Human trials begin for Army-developed Zika purified inactivated virus (ZPIV) vaccine
The Walter Reed Army Institute of Research (WRAIR) began vaccinations today in a Phase 1 human clinical trial to test the safety and immunogenicity of the Zika purified inactivated virus (ZPIV) vaccine.
Seventy-five healthy adults will be recruited to participate in the trial at WRAIR's Clinical Trial Center in Silver Spring, Md. Given the concerns for immune enhancement with other similar flaviviruses, like yellow fever and Japanese encephalitis, ZPIV will be tested in some volunteers who will first be vaccinated against one of these other flaviviruses. This is of particular military relevance, as service members are often vaccinated against these diseases and then deployed to areas where Zika is increasingly becoming endemic.
WRAIR scientists developed the ZPIV vaccine candidate earlier this year. The inactivated flavivirus vaccine platform was the same technology the Institute used to create its Japanese encephalitis vaccine, which was licensed in 2009. An earlier preclinical study found that rhesus monkeys that were vaccinated with ZPIV developed a strong immune response and were protected against two strains of Zika virus.
The National Institute of Allergy and Infectious Diseases (NIAID), part of the National Institutes of Health (NIH), helped identify the viral strain used in the ZPIV vaccine, supported the preclinical safety testing, and is sponsoring the conduct of this trial. WRAIR, NIAID, and the Biomedical Advanced Research and Development Authority (BARDA) have established a joint research collaboration agreement to support the development of this vaccine.
In addition to concerns about infection during deployment and travel, most military installations in the continental U.S. are concentrated in the southern states, where climate conditions and mosquito populations are favorable for Zika transmission.
Col. Nelson Michael, director of WRAIR's Military HIV Research Program (MHRP) and Zika program co-lead noted that, "The Army has moved efficiently from recognizing Zika virus as a threat, producing ZPIV for use in animals and demonstrating its effectiveness in mice and monkeys, producing ZPIV for human testing, and now initiating clinical trials to establish its safety and build the case for subsequent efficacy trials. All of this was done in 10 months."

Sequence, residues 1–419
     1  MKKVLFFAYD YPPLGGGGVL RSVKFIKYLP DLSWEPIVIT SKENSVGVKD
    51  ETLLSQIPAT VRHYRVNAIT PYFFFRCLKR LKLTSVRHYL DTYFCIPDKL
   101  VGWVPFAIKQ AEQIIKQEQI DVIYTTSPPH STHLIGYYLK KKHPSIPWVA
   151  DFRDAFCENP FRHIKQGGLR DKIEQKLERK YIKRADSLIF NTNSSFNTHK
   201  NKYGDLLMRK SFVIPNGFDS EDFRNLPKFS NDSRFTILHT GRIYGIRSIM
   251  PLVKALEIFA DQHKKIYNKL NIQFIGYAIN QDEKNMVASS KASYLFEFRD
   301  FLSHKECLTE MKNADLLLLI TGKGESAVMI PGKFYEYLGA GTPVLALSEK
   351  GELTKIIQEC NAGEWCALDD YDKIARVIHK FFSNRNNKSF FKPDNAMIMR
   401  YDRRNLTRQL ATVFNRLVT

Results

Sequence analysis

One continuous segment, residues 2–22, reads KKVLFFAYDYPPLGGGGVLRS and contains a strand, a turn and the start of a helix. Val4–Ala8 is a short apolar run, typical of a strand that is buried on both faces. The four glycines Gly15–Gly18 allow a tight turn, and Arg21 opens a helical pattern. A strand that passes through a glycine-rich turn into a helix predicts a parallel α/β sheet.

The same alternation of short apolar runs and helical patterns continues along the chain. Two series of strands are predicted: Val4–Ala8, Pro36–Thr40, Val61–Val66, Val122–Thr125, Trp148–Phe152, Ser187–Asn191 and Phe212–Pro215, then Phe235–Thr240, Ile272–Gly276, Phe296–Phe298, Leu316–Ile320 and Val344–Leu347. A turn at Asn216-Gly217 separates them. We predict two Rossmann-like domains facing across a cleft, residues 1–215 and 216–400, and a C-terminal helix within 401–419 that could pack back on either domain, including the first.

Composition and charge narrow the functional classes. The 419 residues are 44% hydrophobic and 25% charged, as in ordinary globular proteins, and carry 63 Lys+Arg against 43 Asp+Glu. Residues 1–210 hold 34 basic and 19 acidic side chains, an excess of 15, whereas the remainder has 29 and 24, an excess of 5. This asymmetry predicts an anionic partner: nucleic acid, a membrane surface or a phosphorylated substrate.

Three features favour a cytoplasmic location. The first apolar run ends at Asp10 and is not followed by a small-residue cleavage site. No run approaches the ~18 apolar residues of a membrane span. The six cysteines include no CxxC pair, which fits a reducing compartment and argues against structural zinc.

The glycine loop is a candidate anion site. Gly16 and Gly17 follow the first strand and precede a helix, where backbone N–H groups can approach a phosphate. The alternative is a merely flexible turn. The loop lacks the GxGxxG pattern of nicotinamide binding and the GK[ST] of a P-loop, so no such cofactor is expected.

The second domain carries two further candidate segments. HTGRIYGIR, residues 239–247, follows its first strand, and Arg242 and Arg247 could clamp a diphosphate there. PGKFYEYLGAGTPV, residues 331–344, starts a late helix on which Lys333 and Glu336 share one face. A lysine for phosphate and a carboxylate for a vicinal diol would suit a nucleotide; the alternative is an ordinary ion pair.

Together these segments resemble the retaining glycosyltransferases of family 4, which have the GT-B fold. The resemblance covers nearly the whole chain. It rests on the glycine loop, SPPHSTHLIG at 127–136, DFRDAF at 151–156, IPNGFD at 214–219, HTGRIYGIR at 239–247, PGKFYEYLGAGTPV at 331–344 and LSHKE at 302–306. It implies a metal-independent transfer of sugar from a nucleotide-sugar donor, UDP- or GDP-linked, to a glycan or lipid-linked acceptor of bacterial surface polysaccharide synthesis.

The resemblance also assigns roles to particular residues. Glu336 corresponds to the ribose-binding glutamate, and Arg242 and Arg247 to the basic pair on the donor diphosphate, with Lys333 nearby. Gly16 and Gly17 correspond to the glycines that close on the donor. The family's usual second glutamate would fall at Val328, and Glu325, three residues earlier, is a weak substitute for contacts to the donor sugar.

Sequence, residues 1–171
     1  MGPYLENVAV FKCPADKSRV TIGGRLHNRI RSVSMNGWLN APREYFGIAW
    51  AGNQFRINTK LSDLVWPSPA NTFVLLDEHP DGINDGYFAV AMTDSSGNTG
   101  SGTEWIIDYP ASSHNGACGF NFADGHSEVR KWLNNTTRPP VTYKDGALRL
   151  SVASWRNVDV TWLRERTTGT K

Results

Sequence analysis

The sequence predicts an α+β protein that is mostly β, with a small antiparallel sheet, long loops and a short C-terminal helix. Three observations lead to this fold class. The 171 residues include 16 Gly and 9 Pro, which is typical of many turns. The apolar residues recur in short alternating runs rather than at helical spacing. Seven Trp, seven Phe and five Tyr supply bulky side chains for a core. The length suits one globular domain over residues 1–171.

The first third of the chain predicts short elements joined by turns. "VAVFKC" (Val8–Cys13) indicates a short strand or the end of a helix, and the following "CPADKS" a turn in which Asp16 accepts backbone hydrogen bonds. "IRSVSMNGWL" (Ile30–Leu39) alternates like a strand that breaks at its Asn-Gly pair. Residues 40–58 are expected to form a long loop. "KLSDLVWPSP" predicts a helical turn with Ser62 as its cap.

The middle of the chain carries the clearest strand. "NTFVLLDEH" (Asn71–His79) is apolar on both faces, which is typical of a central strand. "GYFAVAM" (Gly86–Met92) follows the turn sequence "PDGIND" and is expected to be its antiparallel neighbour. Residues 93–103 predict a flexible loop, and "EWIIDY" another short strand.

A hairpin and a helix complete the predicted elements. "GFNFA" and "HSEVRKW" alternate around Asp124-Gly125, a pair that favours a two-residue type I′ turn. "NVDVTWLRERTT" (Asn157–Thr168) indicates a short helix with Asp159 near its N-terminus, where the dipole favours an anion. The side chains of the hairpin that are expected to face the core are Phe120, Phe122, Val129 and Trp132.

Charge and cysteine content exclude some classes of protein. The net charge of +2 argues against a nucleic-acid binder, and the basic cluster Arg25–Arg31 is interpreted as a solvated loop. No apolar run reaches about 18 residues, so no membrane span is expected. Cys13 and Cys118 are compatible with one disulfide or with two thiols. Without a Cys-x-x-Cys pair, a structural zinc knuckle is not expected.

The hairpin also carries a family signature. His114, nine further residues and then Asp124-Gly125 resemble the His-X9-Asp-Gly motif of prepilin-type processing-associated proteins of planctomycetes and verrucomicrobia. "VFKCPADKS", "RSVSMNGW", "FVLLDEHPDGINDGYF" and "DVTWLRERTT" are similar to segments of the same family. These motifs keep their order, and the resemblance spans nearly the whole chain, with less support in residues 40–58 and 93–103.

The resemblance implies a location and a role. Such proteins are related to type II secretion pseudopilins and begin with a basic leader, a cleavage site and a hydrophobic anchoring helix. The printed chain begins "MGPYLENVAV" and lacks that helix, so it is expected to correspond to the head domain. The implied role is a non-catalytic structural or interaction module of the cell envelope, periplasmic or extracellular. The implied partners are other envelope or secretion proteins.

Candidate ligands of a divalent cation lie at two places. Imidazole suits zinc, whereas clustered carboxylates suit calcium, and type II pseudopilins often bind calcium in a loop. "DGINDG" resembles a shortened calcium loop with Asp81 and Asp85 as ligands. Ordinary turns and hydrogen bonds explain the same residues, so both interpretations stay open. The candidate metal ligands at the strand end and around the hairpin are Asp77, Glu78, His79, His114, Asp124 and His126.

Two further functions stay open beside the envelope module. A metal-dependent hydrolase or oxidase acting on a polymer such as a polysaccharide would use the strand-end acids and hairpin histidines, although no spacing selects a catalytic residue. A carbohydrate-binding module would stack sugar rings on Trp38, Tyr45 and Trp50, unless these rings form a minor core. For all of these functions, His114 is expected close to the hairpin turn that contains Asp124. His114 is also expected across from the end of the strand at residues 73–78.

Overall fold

This study is part of the U.S. Department of Defense response to the ongoing outbreak of Zika virus in North and South America and Southeast Asia. As of November 2, there were 149 confirmed cases of Zika virus within the military health system, including four pregnant service members and one pregnant family member.
"Asymptomatic Zika infections can lead to severe birth defects and neurological complications. A safe and effective Zika vaccine that prevents infection in those at risk is a global public health priority," said Maj. Leyi Lin, principal investigator of the study.
The Pilot Bioproduction Facility at WRAIR manufactured the ZPIV vaccine being used in Phase 1 clinical studies, and the Army recently signed a cooperative research and development agreement to transfer the ZPIV technology to Sanofi Pasteur to explore larger scale manufacturing and advanced development. BARDA recently awarded a six-year contract to Sanofi Pasteur to further develop this vaccine to licensure.
"The Army was able to move so quickly in developing, manufacturing and testing a Zika vaccine because of its extensive experience with this vaccine platform and long standing investments in the understanding and mitigation of flaviviruses, like yellow fever, dating back to the founding of WRAIR," said Dr. Kayvon Modjarrad, Zika program co-lead and associate director for Emerging Infectious Disease Threats at WRAIR's MHRP.
WRAIR's ZPIV candidate will also be included as a part of a NIH trial that began in August. That study will test ZPIV in a group of people who first receive the DNA vaccine and then are boosted with the ZPIV vaccine. Three additional Phase 1 trials using ZPIV are scheduled to begin this year:
- St. Louis University researchers, through the NIAID-funded Vaccine and Treatment Evaluation Units network, will examine the optimal dose of the vaccine to be used in larger studies.
- Beth Israel Deaconess Medical Center and Harvard Medical School researchers will evaluate the safety and immune response from a compressed vaccine schedule.
- The clinical research center CAIMED, part of Ponce Health Sciences University in Puerto Rico, will examine the vaccine's safety and immunogenicity in participants who have already been naturally exposed to Zika or dengue viruses
The WRAIR trial that began today is sponsored by NIAID and funded by the Departments of the Army and Defense.